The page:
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in the demands made on the treasury by the ministers at the head of the naval and military establishments. It was commonly supposed that he expected his resignation to be followed by the unconditional surrender of the cabinet, and his restoration to office on his own terms. The sequel, however, was entirely different. The cabinet was reconstructed with Mr Goschen as chancellor of the exchequer (Lord Randolph had “forgotten Goschen,” as he is said to have remarked), and Churchill’s own career as a Conservative chief was practically closed.

He continued, for some years longer, to take a considerable share in the proceedings of parliament, giving a general, though decidedly independent, support to the Unionist administration. On the Irish question he was a very candid critic of Mr Balfour’s measures, and one of his later speeches, which recalled the acrimonious violence of his earlier period, was that which he delivered in 1890 on the report of the Parnell commission. He also fulfilled the promise made on his resignation by occasionally advocating the principles of economy and retrenchment in the debates on the naval and military estimates. In April 1889, on the death of Mr Bright, he was asked to come forward as a candidate for the vacant seat in Birmingham, and the result was a rather angry controversy with Mr Chamberlain, terminating in the so-called “Birmingham compact” for the division of representation of the Midland capital between Liberal Unionists and Conservatives. But his health was already precarious, and this, combined with the anomaly of his position, induced him to relax his devotion to parliament during the later years of the Salisbury administration. He bestowed much attention on society, travel and sport. He was an ardent supporter of the turf, and in 1889 he won the Oaks with a mare named the Abbesse de Jouarre. In 1891 he went to South Africa, in search both of health and relaxation. He travelled for some months through Cape Colony, the Transvaal and Rhodesia, making notes on the politics and economics of the countries, shooting lions, and recording his impressions in letters to a London newspaper, which were afterwards republished under the title of Men, Mines and Animals in South Africa. He returned with renewed energy, and in the general election of 1892 once more flung himself, with his old vigour, into the strife of parties. His seat at South Paddington was uncontested; but he was active on the platform, and when parliament met he returned to the opposition front bench, and again took a leading part in debate, attacking Mr Gladstone’s second Home Rule Bill with especial energy. But it was soon apparent that his powers were undermined by the inroads of disease. As the session of 1893 wore on his speeches lost their old effectiveness, and in 1894 he was listened to not so much with interest as with pity. His last speech in the House was delivered in the debate on Uganda in June 1894, and was a painful failure. He was, in fact, dying of general paralysis. A journey round the world was undertaken as a forlorn hope. Lord Randolph started in the autumn of 1894, accompanied by his wife, but the malady made so much progress that he was brought back in haste from Cairo. He reached England shortly before Christmas and died in London on the 24th of January 1895.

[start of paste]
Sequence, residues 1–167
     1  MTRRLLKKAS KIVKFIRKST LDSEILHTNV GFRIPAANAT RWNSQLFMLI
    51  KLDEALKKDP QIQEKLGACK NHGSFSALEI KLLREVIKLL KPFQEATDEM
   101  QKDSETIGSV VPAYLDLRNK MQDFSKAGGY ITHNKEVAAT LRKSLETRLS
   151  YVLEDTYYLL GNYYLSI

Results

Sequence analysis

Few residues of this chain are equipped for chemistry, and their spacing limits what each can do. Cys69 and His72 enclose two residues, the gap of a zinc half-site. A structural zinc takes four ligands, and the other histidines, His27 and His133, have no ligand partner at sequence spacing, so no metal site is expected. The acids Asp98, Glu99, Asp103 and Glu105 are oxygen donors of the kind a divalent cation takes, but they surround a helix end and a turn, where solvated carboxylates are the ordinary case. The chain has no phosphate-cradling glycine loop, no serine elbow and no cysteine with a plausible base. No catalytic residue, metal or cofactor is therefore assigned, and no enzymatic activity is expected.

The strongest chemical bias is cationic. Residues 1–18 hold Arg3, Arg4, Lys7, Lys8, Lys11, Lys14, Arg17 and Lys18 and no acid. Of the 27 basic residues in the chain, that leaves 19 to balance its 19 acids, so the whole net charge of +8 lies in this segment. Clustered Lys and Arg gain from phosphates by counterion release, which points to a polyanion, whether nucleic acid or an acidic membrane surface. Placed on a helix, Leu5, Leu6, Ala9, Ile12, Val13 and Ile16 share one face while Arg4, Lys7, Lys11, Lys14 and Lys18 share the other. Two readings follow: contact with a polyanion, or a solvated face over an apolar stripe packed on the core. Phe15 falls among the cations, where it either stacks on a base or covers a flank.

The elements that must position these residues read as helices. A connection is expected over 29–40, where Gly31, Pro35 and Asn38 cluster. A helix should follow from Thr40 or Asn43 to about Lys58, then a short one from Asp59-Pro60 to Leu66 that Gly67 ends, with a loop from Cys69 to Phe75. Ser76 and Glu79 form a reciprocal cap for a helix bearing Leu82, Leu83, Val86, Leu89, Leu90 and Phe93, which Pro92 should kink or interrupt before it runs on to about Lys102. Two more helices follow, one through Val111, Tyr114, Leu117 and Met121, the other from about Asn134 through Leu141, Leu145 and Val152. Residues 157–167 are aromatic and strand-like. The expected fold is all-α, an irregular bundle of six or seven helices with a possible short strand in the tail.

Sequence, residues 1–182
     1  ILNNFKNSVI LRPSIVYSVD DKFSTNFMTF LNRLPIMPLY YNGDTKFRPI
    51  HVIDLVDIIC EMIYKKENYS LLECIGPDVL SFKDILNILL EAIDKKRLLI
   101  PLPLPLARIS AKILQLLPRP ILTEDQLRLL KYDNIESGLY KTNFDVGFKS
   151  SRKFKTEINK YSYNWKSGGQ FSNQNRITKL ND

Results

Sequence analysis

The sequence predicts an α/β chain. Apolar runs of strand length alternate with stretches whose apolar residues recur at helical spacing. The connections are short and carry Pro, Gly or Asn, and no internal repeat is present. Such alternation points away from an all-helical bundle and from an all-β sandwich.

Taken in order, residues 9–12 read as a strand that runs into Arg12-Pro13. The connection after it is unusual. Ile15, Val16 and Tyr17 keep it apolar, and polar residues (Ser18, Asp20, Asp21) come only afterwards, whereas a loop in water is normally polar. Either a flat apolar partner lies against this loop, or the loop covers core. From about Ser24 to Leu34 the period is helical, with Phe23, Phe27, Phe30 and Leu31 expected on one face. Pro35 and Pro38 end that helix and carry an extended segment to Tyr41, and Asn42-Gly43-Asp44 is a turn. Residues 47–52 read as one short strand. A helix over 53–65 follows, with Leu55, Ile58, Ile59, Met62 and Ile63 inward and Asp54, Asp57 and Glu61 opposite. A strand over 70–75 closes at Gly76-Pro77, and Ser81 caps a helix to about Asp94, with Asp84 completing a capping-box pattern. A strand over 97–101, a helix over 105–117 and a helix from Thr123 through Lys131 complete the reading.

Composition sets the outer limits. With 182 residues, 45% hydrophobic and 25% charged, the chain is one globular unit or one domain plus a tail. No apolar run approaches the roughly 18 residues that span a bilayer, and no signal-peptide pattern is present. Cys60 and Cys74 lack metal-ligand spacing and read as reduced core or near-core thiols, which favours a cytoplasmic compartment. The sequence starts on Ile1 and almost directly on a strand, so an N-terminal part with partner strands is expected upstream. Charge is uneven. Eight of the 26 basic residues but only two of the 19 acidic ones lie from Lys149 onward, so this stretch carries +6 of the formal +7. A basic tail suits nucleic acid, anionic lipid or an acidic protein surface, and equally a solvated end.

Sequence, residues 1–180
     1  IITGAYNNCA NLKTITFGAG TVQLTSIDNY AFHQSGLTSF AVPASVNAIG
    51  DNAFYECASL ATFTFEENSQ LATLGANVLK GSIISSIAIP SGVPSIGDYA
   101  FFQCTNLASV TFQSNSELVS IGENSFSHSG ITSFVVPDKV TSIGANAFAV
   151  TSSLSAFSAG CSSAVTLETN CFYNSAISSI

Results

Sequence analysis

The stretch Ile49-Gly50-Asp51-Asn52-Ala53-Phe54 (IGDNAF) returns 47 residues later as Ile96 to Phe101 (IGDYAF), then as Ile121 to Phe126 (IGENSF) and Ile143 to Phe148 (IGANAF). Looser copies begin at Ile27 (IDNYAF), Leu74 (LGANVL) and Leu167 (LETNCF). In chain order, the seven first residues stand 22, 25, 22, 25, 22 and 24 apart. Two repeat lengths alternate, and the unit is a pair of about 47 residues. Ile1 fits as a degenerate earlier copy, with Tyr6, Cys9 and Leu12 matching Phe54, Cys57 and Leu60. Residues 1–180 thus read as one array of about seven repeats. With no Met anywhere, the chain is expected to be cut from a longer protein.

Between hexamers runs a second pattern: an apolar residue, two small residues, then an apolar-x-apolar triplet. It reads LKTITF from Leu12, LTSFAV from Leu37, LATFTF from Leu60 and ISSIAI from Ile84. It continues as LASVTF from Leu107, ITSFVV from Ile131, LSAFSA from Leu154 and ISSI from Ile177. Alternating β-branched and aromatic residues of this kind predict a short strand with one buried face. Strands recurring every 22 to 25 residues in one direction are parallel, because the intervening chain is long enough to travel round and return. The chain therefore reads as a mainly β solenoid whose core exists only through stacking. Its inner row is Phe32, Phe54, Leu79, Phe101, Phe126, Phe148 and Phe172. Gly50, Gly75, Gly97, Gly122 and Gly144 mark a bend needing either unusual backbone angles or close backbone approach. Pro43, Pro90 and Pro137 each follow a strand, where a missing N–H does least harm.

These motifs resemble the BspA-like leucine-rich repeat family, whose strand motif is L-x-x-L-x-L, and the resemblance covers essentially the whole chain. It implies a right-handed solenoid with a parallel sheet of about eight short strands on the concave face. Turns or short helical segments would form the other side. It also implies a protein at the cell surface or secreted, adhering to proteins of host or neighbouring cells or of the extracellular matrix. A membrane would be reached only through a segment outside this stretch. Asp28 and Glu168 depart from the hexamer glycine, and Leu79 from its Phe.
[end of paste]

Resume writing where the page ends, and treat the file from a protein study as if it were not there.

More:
Lord Randolph Churchill married, in January 1874, Jennie, daughter of Mr Leonard Jerome of New York, U.S.A., by whom he had two sons. In 1900 Lady Randolph Churchill married Mr G. Cornwallis-West.

His elder son, Winston Churchill (1874–  ), was educated at Harrow, and after serving for a few years in the army and acting as a special correspondent in the South African War (being taken prisoner by the Boers, Nov. 15, 1899, but escaping on Dec. 12), was elected Unionist member of parliament for Oldham in October 1900. As the son of his father, his political future excited much interest. His views, however, as to the policy of the Conservative party gradually changed, and having during 1904–1905 taken an active part in assisting the Liberal party in parliament, he stood for N.W. Manchester at the general election (1906) and was triumphantly returned as a Liberal and free-trader. He was made under-secretary for the colonies in the new Liberal government. In this position he became as conspicuous in parliament as he had already become on the platform as a brilliant and aggressive orator, and no politician of the day attracted more interest or excited more controversy. He was promoted to cabinet rank as president of the Board of Trade in Mr Asquith’s government in April (1908), but was defeated at the consequent by-election in Manchester after a contest which aroused the keenest excitement. He was then returned for Dundee, and later in the year married Miss Clementine Hozier.